Then we have the more fanciful stories where, as she is being assumed, St. Thomas is there and he gets the girdle she drops to him. I love the idea that poor 'doubting Thomas' gets a nod as a very true believer.

The Assumption of Mary into Heaven was not officially made dogma in the Catholic Church until 1950, but is obviously a belief that has been held from day one.

Perhaps you shouldn't mention the chairs in Heaven unless you have a designated driver, since Heaven isn't a physical place, but there are two bodies and what's left of Elijah up there. There's a keg you don't want to open.

Monday, December 13, 2010

I Am the Immaculate Conception

My face is as red as my Santa hat. I apologize for not visiting with you all during such an important time in the Catholic Calendar and I totally missed out on The Feast of the Immaculate Conception (which is a Holy Day of Obligation, which means your presence was mandatory at Mass) and Pink Sunday.

Rose Sunday. Pink candle on your advent wreath. Advent is flying by isn't it? A time of preparation and there is no time to prepare! Old nuns can't keep up.

Happily we have our readers to keep us in line:

Dear Sister Mary Martha, 
I am a cradle Catholic now in my third year of college. My friends are very supportive of my beliefs, though very few are also Catholic. I get a lot of questions that I can't often answer to my satisfaction. Today was no exception. 
How do I explain the Assumption of Mary and the Immaculate Conception to my non-Catholic friends? I feel like a poor example of the faith when I can't answer their questions.


It would help enormously if we knew what their question actually were.  Let's hope they were asking because they saw you headed for Mass on Dec. 8th.

I have had some knock down drag outs over the Immaculate Conception. I actually had a woman who teaches RCIA classes tell me that I was wrong in stating that the Immaculate Conception means that Mary was conceived without the stain of Original Sin on her soul. If it wasn't a sin, I would have clonked her on the head with the Catechism of the Catholic Church.  Although it wouldn't have done much good, since I only have the paper back version.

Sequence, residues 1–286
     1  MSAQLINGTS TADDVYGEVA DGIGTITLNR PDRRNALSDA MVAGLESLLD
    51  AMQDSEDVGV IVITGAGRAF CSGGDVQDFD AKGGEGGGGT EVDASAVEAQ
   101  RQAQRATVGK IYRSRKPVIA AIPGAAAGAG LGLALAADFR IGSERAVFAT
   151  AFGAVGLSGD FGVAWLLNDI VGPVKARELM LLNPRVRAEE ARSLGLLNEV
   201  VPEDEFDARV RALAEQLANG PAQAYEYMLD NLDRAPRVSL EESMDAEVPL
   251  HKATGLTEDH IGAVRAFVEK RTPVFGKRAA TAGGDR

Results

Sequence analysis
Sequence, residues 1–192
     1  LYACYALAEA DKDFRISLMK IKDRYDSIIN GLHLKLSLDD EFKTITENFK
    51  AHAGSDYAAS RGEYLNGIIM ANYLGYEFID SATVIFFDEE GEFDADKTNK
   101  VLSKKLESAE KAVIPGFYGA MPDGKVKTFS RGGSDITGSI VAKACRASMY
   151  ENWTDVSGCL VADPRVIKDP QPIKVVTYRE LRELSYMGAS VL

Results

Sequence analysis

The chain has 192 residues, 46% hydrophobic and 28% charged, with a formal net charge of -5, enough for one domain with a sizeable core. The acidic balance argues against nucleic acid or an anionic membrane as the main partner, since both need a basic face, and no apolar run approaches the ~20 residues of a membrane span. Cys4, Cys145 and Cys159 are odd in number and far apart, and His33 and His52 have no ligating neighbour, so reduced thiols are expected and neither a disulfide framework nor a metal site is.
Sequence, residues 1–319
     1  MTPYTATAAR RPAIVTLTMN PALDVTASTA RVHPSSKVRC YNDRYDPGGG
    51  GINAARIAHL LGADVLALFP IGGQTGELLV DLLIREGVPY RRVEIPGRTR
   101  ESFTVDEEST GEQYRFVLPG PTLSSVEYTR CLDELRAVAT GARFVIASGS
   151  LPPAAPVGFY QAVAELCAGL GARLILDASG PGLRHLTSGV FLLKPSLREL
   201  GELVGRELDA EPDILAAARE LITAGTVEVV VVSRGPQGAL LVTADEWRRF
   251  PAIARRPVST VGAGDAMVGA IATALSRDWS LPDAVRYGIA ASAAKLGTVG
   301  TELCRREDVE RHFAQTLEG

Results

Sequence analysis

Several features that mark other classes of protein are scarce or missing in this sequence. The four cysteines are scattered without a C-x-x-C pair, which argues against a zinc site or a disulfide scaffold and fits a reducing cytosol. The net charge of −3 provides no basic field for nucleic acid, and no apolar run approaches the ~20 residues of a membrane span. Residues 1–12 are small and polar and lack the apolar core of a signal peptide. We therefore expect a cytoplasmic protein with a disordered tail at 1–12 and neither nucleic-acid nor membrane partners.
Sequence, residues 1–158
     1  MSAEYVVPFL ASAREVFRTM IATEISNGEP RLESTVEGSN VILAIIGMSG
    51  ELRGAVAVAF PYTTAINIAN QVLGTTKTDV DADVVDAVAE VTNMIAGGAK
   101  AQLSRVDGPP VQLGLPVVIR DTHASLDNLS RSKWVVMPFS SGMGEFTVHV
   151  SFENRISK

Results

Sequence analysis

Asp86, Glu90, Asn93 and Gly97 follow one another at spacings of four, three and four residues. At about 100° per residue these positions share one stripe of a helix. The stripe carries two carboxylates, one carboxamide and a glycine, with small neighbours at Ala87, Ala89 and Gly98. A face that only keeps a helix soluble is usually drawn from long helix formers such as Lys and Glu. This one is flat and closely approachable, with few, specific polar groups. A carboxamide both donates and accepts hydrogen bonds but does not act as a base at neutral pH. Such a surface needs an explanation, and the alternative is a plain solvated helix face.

An enormous number of well meaning and well educated people confuse the Virgin Birth with the Immaculate Conception. They believe that the Immaculate Conception refers to the conception of Jesus without sex.  Which is perfectly understandable, since the word "conception" is right in there. But no, that's the Virgin Birth.

I find it helps if we employ a time line.  First, Mary's parents make a baby the way all babies are made (except for one person in history). But, unlike the the rest of us, this baby is conceived without the stain of Original Sin on her soul.  Conceived without the stain of sin=Immaculate Conception.

Then quite a few years go by. Mary lives at the temple, she learns to sew seamless garments, she leaves the temple and gets married.

Then and angel visits her to tell her that she is to be the mother of Jesus.  (We call this "The Annunciation.) She becomes pregnant in a way that no one ever has and gives birth to Jesus.

Immaculate Conception_(Mary plays with her dolls , sews, grows up, marries Joseph)__Virgin Birth
14 or 15 BCish                                                                                                                                 1ADish

I find the time line clears things up for most people, misguided catechism teachers not withstanding.

If they want to know how we know this,  you're going to be knee deep in some thick theology. I suggest you order a pitcher right off the bat. They're going to want to know 'where in the Bible it says this', and of course, the words  "Immaculate Conception" are not in there.  The Catholic Church has always maintained that Mary was born free from Original Sin, because that makes sense since she was the Mother of Jesus. Jesus is also God, so He is not going to have Original Sin. But Original Sin is passed on to each person born of the human race.  So it makes perfect sense that Mary couldn't pass Original Sin onto Jesus, so she was born without it.